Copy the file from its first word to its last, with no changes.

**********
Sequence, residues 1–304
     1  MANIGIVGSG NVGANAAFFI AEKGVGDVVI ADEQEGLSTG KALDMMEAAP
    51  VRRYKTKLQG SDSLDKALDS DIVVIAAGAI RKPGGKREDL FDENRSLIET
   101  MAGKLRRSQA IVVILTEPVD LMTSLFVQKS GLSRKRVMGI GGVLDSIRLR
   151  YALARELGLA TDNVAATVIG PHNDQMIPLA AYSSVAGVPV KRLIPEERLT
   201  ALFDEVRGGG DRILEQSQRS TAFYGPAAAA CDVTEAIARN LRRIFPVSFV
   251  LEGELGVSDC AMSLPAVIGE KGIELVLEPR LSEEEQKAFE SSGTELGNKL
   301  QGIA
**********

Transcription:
Sequence, residues 1–304
     1  MANIGIVGSG NVGANAAFFI AEKGVGDVVI ADEQEGLSTG KALDMMEAAP
    51  VRRYKTKLQG SDSLDKALDS DIVVIAAGAI RKPGGKREDL FDENRSLIET
   101  MAGKLRRSQA IVVILTEPVD LMTSLFVQKS GLSRKRVMGI GGVLDSIRLR
   151  YALARELGLA TDNVAATVIG PHNDQMIPLA AYSSVAGVPV KRLIPEERLT
   201  ALFDEVRGGG DRILEQSQRS TAFYGPAAAA CDVTEAIARN LRRIFPVSFV
   251  LEGELGVSDC AMSLPAVIGE KGIELVLEPR LSEEEQKAFE SSGTELGNKL
   301  QGIA